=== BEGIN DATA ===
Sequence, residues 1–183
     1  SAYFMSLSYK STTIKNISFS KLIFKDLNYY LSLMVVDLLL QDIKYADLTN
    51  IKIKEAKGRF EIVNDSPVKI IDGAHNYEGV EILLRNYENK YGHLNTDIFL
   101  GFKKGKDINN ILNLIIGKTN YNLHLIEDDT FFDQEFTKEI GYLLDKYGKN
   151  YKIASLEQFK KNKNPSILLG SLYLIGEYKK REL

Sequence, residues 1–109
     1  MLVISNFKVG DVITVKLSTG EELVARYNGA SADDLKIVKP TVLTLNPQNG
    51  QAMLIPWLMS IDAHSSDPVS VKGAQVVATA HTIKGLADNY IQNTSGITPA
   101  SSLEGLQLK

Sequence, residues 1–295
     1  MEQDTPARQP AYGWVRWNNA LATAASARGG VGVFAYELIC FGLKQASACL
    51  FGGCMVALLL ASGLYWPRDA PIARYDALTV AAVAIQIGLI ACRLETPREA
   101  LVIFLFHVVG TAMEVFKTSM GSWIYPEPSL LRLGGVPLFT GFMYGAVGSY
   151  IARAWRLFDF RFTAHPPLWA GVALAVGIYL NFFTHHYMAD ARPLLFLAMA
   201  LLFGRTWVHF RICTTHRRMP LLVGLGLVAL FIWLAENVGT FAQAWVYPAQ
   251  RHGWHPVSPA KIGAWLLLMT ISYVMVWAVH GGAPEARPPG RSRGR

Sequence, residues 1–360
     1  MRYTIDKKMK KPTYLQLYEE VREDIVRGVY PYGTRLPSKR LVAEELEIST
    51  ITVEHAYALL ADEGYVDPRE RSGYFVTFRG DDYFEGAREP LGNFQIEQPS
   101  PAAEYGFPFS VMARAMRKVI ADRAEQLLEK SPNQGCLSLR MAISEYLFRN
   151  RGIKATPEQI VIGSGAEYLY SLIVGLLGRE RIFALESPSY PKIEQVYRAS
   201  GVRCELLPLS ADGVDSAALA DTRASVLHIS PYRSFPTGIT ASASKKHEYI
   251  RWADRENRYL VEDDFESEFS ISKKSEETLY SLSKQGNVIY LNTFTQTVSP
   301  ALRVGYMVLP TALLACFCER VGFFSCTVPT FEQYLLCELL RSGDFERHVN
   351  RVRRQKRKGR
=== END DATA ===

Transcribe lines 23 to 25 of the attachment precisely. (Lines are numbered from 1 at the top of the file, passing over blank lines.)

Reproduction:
   251  RWADRENRYL VEDDFESEFS ISKKSEETLY SLSKQGNVIY LNTFTQTVSP
   301  ALRVGYMVLP TALLACFCER VGFFSCTVPT FEQYLLCELL RSGDFERHVN
   351  RVRRQKRKGR